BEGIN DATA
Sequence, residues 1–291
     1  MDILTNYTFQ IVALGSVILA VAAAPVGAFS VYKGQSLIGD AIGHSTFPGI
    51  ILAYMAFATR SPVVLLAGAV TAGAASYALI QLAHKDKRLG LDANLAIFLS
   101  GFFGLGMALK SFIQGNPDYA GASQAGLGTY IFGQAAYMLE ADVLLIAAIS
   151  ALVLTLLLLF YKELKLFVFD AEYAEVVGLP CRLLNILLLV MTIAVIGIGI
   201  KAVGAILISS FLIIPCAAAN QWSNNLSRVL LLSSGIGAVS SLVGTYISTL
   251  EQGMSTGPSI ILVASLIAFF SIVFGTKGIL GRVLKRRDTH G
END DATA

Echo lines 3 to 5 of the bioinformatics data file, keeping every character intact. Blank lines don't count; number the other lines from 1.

    51  ILAYMAFATR SPVVLLAGAV TAGAASYALI QLAHKDKRLG LDANLAIFLS
   101  GFFGLGMALK SFIQGNPDYA GASQAGLGTY IFGQAAYMLE ADVLLIAAIS
   151  ALVLTLLLLF YKELKLFVFD AEYAEVVGLP CRLLNILLLV MTIAVIGIGI